“Alex, words have always been difficult for you. This is just my opinion, but I think part of your problem is that you think too much. You’ve always been a smart kid. Sometimes I have to remind myself you are just fourteen. You let your mind get in the way of your heart. When the time comes, just say what’s in your heart. Allie is a wonderful girl, and she’s been a great friend to you over the years. She may just surprise you.”

I nodded and went to my bed.

“You should lay down for a bit while Mom gets dinner ready. It’ll just be something light. I’m sure you aren’t up for a heavy meal and we are all exhausted, so I know she doesn’t feel like making something big. I’ll come get you when it’s ready.”

I nodded and sat back against the wall on my bed. I stared at the phone for a second. I was debating whether or not to call Allison. I wasn’t sure if I was ready for that. The more I thought about it the more I realized that we needed to talk in person. A phone conversation wasn’t good enough. There was so much the two of us needed to share and a phone conversation was just too impersonal for that. I reached over to put my phone on the table so that I could maybe lay back and take a short nap, and that’s when I saw it.

For her birthday I had framed up a picture of me and Allison, when we were eight. Like most southern families we had multiple “junk drawers” where you just threw stuff in that you’d need at some point later, but you didn’t have a specific spot for it. Every good southern home has at least one and most have two or three. Everyone has one in the kitchen, and usually your dad would have one somewhere to collect the screws he never used putting together the TV stand. We happened to have another one that collected old pictures and papers that we “needed to keep” but never got around to storing properly. It was in that drawer that I found the old picture of Allison and myself. We had been riding a horse her father had just bought her for her birthday. Allison’s smile was beaming as bright as sunshine. I on the other hand was gripped tightly around Allison’s waist holding on for dear life. I put the picture in a relatively plain looking silver frame and gave it to Allison for her birthday this year.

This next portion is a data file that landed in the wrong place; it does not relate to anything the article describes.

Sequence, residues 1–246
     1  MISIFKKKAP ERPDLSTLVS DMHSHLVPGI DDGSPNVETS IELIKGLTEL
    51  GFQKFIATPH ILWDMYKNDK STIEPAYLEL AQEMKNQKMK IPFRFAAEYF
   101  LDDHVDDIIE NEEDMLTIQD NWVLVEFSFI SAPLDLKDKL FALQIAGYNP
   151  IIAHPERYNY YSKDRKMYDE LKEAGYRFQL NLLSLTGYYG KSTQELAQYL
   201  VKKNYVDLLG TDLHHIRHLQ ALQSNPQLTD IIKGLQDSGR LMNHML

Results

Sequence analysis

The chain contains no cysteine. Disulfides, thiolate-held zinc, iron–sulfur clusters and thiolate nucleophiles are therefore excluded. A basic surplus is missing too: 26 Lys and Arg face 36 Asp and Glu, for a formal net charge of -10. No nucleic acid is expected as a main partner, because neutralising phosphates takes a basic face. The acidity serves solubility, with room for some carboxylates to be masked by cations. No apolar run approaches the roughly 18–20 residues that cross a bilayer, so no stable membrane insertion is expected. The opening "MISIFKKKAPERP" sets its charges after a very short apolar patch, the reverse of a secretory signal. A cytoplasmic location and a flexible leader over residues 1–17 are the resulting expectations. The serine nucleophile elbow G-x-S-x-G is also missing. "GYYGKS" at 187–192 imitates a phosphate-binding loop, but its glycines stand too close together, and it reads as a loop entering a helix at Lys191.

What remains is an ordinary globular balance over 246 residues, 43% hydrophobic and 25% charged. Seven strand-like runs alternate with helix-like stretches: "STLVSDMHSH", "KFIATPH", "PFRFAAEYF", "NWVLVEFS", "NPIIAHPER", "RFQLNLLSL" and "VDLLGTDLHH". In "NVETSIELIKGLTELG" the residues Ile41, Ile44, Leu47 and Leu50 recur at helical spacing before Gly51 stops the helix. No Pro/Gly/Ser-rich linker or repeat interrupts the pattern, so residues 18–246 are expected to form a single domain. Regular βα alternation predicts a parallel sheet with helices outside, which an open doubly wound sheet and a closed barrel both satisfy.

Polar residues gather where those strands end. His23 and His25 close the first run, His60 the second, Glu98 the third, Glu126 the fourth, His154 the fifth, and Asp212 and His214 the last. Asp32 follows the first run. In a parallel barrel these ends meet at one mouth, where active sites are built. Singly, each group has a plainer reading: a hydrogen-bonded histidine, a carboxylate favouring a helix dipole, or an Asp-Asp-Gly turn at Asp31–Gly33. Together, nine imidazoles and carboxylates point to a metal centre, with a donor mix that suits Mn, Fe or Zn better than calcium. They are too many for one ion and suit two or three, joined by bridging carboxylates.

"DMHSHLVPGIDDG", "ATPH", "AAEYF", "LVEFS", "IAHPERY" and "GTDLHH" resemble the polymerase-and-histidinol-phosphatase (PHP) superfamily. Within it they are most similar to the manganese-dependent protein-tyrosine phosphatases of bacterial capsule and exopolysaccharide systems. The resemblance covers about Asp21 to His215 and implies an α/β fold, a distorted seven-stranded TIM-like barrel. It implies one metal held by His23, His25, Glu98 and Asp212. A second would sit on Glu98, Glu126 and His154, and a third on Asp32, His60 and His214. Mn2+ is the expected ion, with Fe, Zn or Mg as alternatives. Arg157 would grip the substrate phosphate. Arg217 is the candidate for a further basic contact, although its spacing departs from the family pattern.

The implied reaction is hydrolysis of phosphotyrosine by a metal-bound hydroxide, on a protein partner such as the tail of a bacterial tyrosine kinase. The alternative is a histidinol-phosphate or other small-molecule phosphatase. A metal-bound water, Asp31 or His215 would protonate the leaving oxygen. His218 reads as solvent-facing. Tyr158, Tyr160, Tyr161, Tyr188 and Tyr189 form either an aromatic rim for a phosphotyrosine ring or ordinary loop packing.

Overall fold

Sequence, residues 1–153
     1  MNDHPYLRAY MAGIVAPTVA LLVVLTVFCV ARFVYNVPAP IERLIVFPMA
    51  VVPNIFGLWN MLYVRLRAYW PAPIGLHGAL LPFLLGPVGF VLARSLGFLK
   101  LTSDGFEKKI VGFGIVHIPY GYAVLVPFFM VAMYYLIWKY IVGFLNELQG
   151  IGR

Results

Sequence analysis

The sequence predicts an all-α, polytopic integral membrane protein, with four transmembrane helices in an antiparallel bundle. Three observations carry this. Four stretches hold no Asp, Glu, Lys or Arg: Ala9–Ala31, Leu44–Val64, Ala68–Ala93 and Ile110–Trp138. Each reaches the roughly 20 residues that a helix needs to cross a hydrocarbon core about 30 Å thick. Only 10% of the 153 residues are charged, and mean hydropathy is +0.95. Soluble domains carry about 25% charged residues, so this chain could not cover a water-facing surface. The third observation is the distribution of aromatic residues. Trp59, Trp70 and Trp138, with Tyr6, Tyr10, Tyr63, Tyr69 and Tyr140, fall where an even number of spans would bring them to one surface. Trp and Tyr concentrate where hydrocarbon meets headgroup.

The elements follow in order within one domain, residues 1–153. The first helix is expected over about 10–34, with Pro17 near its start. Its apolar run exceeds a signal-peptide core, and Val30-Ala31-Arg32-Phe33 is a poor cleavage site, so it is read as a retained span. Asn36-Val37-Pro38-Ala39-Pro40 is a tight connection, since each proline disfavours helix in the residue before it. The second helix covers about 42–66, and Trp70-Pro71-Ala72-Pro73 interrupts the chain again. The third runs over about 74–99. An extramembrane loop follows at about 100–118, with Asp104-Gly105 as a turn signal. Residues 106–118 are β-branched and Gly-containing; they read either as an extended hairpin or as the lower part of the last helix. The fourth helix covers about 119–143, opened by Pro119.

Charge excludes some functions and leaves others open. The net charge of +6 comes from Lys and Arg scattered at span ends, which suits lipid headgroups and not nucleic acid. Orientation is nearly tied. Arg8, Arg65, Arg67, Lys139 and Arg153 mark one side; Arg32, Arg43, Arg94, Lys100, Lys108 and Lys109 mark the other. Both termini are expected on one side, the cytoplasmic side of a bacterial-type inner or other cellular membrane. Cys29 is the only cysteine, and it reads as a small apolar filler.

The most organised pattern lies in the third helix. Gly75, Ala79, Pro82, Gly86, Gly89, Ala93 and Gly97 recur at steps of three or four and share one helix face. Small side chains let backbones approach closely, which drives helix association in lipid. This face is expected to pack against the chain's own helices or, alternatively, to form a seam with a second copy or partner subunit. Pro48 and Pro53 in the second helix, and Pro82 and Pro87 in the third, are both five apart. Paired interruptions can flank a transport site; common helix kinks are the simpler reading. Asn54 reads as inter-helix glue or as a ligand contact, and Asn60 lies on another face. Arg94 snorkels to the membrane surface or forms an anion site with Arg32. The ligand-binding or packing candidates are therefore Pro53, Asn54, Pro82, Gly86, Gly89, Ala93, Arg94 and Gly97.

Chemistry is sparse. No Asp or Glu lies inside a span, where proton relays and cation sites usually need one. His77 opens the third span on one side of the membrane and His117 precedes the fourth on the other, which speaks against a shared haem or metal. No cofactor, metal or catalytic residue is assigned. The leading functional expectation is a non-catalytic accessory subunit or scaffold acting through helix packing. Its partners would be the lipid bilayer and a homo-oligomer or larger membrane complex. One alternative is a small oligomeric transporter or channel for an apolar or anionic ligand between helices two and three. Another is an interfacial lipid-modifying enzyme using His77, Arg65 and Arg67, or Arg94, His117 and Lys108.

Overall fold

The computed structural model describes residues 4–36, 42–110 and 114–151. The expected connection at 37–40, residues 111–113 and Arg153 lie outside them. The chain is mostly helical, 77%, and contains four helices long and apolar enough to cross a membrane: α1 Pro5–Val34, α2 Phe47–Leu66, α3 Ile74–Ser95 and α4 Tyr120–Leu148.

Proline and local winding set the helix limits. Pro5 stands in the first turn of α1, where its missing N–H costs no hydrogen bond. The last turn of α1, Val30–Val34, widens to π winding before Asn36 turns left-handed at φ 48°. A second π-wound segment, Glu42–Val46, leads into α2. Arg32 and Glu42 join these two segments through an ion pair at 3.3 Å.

It seemed I wasn’t the only sentimental one. Sitting on the nightstand beside my desk was a picture of Allison and I at Wild Adventures. I remembered the day it had been taken. It was taken on my 9th birthday. I had never had a birthday party, a fact that Allison just couldn’t get over. I wouldn’t relent to having a party, but I had agreed to spend the day with Allison and her family in Valdosta at the park. My mom, since she worked for them at the time, had arranged for us to have a guided backstage tour of the animal park. The picture that had been taken was of Allison and I playing with the two-toed sloths. The frame she had placed the picture in made my eyes water. It wasn’t gaudy but was made of silver. Along the bottom, engraved in a fancy calligraphic script, were the words “Friends Forever.”